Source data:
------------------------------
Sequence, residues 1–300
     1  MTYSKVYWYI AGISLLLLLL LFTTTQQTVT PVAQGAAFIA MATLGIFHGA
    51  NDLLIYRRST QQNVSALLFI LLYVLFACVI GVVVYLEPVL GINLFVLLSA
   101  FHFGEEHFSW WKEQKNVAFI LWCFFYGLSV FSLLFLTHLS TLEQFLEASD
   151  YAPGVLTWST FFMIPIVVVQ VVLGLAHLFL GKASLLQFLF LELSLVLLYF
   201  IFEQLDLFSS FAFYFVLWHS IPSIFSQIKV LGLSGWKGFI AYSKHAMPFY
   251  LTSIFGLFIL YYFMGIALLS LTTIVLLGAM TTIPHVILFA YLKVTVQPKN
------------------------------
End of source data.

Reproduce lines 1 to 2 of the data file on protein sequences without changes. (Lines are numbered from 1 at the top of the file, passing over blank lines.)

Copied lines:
Sequence, residues 1–300
     1  MTYSKVYWYI AGISLLLLLL LFTTTQQTVT PVAQGAAFIA MATLGIFHGA